Mike: You talked a little bit about the Camden area and the census that you looked up. But could you tell us about the data you examined more specifically and your methods?
Joseph: Sure. So the Camden Coalition of Healthcare Providers is a data-driven organization. They’ve really helped spearhead the creation of a health information exchange in Camden, New Jersey that links the data from across multiple healthcare providers. And so that’s the data they used to discover who the hot-spotters are, who the superutilizers are, and recruit patients from that feed. And then they can also look at tracking outcomes. And so we used, essentially, that same data to recruit people not just into the program anymore, but into the study, and then to monitor their outcome. So that data is generally electronic health record data that’s from the different providers in the area.
Mike: Okay. And why don’t you tell us a little bit about the results of your research?
Joseph: Okay. Sure. So we found first, that the re-hospitalization rates of people who are eligible for this program is about – over the six months after being recruited about 63% of them will be returning to the hospital. This is much higher than other studies and really pointing out that this Camden model is really focusing in on the most complex patients in their system. And then we found that those that were randomized into the program, they saw a pretty dramatic reduction in the re-hospitalization rates in those six months after joining, but the control group saw the same decline and an explanation for that pattern is mean reversions. So if you are targeting people who have had a run-up in health care costs, it’s natural for them to return to a lower-stakes as just you get a health shock that makes you spend more and then that shock wears off and you start to spend more toward the mean. We saw that that happened both in the treatment and control groups, so we conclude by this comparison that the program itself did not have an impact on changing the re-hospitalization of the subjects.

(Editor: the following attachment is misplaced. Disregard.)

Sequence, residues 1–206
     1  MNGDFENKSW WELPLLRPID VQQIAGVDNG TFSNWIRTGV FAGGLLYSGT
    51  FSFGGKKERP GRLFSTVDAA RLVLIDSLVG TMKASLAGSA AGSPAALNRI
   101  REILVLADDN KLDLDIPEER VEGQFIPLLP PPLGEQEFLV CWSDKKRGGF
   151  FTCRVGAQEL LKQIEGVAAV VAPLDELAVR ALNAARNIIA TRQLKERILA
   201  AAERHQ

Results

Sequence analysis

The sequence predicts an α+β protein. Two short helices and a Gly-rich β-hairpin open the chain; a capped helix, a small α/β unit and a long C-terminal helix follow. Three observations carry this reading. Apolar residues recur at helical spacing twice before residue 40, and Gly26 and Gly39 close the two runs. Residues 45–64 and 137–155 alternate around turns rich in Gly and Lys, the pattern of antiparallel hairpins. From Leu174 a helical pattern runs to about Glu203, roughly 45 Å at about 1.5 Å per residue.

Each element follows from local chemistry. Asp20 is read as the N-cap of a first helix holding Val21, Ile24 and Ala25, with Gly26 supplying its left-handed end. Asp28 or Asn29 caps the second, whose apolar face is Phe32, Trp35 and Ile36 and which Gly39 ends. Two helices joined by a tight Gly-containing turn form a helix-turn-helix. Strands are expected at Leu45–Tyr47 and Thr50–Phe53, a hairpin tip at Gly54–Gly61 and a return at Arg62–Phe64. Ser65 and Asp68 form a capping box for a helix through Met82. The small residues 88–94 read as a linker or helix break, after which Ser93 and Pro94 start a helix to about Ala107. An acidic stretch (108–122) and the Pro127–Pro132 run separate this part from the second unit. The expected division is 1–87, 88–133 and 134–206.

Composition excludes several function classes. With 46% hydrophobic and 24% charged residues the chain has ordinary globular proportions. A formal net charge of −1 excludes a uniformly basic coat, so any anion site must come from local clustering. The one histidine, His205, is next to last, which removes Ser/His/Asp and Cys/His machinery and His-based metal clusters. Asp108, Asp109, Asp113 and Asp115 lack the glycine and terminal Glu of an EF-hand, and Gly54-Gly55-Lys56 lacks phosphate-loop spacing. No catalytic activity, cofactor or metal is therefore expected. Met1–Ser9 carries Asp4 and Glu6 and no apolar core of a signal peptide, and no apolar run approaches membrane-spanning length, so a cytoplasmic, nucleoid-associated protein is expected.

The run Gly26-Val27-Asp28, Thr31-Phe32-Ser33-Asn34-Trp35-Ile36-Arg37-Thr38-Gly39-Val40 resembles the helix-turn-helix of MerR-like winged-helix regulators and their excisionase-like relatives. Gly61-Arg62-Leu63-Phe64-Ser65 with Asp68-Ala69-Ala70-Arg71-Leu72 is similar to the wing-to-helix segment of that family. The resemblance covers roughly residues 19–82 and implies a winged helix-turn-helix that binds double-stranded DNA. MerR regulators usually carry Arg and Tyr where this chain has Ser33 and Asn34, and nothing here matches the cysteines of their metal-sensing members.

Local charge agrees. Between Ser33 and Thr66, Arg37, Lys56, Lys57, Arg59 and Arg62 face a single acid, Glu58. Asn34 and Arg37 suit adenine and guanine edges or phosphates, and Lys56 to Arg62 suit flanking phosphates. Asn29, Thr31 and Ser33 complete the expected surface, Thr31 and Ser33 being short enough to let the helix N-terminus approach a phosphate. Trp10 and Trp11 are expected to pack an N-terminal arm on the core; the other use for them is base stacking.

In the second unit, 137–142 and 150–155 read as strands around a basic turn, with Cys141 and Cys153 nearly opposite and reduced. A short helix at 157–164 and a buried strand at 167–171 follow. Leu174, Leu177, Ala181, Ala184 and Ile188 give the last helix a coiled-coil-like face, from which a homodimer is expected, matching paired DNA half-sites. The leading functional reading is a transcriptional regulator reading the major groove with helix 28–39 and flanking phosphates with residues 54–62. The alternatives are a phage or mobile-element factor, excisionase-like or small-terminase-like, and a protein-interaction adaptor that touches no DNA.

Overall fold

Mike: Were you surprised by that?
Joseph: I was surprised because I thought that one of the goals of the program was to help patients use the health care system in a new way and a more efficient way to try to prevent exactly this type of outcome. That’s why it was our primary outcome because that was a stated goal of the program and so we went into the research thinking well, let’s see how effective it is. We didn’t expect it to be ineffective. We can say a few things about that, so one is I think it is important, especially for payers if they’re thinking about paying health care organizations to do this intensive program. I should say a bit more about the program. They have a team of about 10 people who help patients by having multiple home visits, attending doctor’s appointments with patients, getting them signed up for social services that they’re eligible for. Trying to get their lives back on track both in the terms of their clinical needs and their social needs. So it’s a very inspiring program in that way and that can be pretty expensive, and payers want to know if we’re going to shell out funding for that kind of preventive service. Does it actually result in lower utilization downstream? And so we didn’t find that for expensive care in the form of hospitalization. We are continuing to do research on this topic for this study to see if affected outpatient care and we did find that it increased the rate at which the subjects were signed up for social programs such as food stamps and that was about a 5% improvement in that, so it seems like they were working toward doing that, but it didn’t have this effect on utilization.